Concept

Max Steiner

Summary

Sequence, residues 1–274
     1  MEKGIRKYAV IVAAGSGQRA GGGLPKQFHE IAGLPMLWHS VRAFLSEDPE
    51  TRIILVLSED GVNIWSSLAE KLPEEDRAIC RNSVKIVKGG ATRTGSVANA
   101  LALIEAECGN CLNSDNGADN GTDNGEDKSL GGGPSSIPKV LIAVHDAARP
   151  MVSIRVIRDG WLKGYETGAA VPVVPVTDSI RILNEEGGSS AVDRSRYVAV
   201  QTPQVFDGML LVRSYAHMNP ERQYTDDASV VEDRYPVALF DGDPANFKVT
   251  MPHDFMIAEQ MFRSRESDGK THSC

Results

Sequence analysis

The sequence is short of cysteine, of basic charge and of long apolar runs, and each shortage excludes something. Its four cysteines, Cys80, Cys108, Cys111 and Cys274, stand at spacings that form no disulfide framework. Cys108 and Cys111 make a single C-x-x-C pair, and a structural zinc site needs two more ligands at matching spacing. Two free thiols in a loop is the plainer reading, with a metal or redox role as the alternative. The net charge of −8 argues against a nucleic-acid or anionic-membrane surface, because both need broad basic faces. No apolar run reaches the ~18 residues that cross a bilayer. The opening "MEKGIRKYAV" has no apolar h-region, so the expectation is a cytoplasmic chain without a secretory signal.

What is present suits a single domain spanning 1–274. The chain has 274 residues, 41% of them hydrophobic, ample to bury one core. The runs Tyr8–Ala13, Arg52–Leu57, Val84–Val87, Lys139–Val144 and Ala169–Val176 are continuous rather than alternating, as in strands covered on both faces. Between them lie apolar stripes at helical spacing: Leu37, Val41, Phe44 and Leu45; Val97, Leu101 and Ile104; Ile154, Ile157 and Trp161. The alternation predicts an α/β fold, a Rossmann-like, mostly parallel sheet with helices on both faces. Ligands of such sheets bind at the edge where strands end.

Maximilian Raoul Steiner (May 10, 1888 – December 28, 1971) was an Austrian composer and conductor who emigrated to America and went on to become one of Hollywood's greatest musical composers. Steiner was a child prodigy who conducted his first operetta when he was twelve and became a full-time professional, proficient at composing, arranging, and conducting, by the time he was fifteen. Threatened with internment in England during World War I, he fled to Broadway; and in 1929 he moved to Hollywood, where he became one of the first composers to write music scores for films. He is often referred to as "the father of film music", as Steiner played a major part in creating the tradition of writing music for films, along with composers Dimitri Tiomkin, Erich Wolfgang Korngold, Franz Waxman, Alfred Newman, Bernard Herrmann, and Miklós Rózsa. Steiner composed over 300 film scores with RKO Pictures and Warner Bros., and was nominated for 24 Academy Awards, winning three: The Informer (1
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